More on BC Injury Claims, Proportionality and the Mandatory Nature of Rule 68
Further to my previous postings on Rule 68 in ICBC and other Injury Claims, the Rules mandatory nature was further developed by the BC Supreme Court today.
First a brief background. Rule 68 is a ‘proportionality’ based rule which limits and alters the types of pre-trial procedures available to litigants in the BC Supreme Court for certain types of cases. Rule 68 also takes away the right to trial by jury for cases where the rule applies.
Subsection 2 of Rule 68 sets out when the Rule applies. One type of action subject to Rule 68 is where a Plaintiff claims for pecuniary and non-pecuniary loss for less than $100,000. This includes many ICBC and other Injury Claims.
Recent Court Decisions have interpreted Rule 68 as being mandatory when the factors in Rule 68(2) apply. In the case of Foster v. Westfair Properties (Pacific) Ltd. Master McCallum of the BC Supreme Court held that:
Rule 68 is mandatory and requires that actions qualifying as expedited actions proceed under the provisions of the rule. The absence of the required endorsement is an irregularity that may be remedied by amendment. The commencement of a proceeding without the Rule 68 endorsement does not change the character of the proceeding to permit process outside the limits of the rule.
Reasons for judgement were released today by the BC Supreme Court illustrating just how far our Courts can go in applying the mandatory nature of this rule.
In today’s case (Uribe v. Magnus) the Plaintiff was allegedly injured in 2007 BC Car Crash. The Plaintiff started a lawsuit but did not make the Claim subject to Rule 68. As the lawsuit progressed the Defendant took advantage of the pre-trial steps available for lawsuits filed outside of Rule 68 including examinations for discovery. Furthermore none of the Rule 68 pre trial requirements were adhered to.
The Defendant took out a Jury Notice and even paid the necessary Jury Fees. The Plaintiff then valued his claim below $100,000 and as the trial neared brought an application for an order that the lawsuit was ‘subject to rule 68’. The defendant opposed this motion arguing that the motion was brought too late in the lawsuit and that it would result in significant prejudice including the loss of right of trial by jury.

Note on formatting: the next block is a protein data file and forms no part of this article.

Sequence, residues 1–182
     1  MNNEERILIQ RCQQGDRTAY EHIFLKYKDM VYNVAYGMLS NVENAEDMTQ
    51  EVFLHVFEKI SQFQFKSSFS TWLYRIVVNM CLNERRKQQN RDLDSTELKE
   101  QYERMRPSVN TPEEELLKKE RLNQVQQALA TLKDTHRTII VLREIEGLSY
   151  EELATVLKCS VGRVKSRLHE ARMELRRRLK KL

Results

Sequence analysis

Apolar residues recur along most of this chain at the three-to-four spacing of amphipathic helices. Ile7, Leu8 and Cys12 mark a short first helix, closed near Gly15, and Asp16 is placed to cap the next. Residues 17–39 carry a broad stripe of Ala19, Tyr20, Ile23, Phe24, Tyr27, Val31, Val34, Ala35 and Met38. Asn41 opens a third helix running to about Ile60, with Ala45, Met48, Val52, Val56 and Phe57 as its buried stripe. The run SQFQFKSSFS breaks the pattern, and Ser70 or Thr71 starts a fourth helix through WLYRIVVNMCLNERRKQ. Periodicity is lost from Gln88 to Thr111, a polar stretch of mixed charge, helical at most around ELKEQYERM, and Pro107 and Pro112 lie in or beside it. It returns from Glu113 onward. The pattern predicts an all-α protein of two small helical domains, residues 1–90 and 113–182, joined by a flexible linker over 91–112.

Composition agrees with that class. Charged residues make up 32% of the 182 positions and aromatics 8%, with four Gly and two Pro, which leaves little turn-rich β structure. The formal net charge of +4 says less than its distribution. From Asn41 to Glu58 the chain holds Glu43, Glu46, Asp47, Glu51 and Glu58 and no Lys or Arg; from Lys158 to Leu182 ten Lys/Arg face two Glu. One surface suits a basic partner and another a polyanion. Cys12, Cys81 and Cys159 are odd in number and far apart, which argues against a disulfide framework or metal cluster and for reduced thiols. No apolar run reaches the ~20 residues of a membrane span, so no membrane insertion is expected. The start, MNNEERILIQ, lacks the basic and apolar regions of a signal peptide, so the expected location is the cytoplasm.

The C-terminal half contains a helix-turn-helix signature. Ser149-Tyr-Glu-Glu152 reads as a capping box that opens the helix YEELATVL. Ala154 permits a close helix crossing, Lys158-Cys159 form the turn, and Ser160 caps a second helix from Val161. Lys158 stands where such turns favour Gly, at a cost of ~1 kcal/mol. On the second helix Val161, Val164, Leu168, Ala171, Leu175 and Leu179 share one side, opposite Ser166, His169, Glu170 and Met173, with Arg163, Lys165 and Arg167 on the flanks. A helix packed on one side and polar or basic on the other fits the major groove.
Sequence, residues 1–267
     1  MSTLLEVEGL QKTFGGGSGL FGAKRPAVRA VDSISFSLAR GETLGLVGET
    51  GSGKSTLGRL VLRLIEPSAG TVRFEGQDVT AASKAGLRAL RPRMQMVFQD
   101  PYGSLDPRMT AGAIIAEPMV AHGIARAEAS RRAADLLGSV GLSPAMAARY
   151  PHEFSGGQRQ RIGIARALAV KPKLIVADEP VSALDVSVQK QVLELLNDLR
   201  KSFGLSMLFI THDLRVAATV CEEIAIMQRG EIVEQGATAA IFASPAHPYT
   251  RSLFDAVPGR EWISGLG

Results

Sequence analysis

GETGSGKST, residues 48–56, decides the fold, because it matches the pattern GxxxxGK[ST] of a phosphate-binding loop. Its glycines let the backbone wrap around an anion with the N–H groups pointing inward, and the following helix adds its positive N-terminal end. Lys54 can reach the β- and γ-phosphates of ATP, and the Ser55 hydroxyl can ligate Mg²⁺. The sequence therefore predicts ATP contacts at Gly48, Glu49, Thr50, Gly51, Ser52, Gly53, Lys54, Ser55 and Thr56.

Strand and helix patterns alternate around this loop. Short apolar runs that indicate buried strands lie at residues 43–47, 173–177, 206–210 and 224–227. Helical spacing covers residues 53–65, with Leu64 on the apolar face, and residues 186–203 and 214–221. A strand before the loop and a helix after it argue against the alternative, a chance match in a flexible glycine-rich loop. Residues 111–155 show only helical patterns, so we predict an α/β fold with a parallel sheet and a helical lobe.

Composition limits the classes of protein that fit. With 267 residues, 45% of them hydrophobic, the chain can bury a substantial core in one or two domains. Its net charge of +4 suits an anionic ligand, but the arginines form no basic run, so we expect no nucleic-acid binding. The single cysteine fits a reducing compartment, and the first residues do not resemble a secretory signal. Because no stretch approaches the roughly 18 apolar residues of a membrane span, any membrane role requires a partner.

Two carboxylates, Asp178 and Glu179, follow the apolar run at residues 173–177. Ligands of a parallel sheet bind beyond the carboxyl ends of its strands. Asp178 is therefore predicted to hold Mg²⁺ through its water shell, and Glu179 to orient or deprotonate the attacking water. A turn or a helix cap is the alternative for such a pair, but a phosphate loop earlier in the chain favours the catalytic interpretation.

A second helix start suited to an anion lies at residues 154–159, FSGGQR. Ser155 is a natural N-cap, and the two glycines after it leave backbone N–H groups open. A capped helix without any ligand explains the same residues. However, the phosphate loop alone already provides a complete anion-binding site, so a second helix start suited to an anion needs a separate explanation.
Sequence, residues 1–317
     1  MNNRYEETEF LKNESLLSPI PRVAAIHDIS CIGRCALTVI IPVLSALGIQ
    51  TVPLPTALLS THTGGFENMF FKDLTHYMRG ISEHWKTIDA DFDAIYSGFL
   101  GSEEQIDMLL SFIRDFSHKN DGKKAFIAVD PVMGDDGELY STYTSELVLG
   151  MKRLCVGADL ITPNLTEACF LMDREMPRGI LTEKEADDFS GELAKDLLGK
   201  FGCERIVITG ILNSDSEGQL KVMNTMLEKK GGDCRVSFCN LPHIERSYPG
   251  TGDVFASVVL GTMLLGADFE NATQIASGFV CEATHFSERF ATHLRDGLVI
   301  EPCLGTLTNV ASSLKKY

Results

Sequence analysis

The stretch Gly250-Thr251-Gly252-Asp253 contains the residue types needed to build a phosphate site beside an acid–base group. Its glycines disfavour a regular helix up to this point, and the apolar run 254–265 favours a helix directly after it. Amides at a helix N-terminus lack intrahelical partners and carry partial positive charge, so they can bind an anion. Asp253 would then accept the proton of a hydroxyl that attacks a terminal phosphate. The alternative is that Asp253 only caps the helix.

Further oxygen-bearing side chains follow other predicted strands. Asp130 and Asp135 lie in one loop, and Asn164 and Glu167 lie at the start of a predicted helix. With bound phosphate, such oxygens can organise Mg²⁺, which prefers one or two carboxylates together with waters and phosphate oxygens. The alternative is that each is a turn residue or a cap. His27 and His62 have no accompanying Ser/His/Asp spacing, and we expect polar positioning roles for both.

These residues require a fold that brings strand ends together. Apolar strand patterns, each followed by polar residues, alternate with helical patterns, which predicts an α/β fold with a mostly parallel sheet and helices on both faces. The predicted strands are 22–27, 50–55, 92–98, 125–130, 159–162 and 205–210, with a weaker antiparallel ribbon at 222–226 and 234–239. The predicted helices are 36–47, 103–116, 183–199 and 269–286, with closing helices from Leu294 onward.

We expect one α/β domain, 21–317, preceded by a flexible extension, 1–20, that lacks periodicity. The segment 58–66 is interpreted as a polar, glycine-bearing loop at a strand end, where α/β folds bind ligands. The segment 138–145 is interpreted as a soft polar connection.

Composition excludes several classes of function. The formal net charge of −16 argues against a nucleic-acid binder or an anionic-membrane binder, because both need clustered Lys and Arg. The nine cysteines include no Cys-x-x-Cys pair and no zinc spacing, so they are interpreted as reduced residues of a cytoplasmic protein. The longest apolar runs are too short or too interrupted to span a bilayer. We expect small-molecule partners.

The Court granted the motion and noted that “there is no timiing limitation in (rule 68)“. Master Caldwell went on to make the following comments:
The concept of proportionality is now formally ingrained in our law by the terms of Rule 68. It is hard to imagine that a simple claim which the plaintiff’s counsel himself admits will not exceed $50,000 and which more likely falls in the $30,000 to $40,000 range can justify the overall expense of a three day jury trial. While I accept the submissions of defendant’s counsel that the defendant has been prejudiced by the late date of the plaintiff’s application, the denial of a jury trial, the fact that they have prepared for a jury trial and the fact that they have had to undertake various steps and procedures which would not have been necessary had the matter been commenced subject to Rule 68 or placed into that rule at an earlier date I am satisfied that these issues can be compensated for by the appropriate order of costs to the defendant while at the same time maintaining and protecting the purpose and mandatory nature of Rule 68.
The Court went on to balance some the Defence concerns by ordering that the Plaintiff be responsible for the costs for ‘all procedures undertaken to date which would not have been required or allowed under Rule 68“. This case is worth reviewing in full for anyone interested in the development of the concept of ‘proportionality’ in BC Supreme Court Injury Litigation.
As readers of this blog may know, the current BC Supreme Court rules are being repealed and replaced with new Rules next summer. Rule 68 will be repealed and replaced with Rule 15. Rule 15 also utilizes the concept of proportionality and today’s case may be telling in the direction BC Courts will take under the new Rules when applying this concept to injury litigation.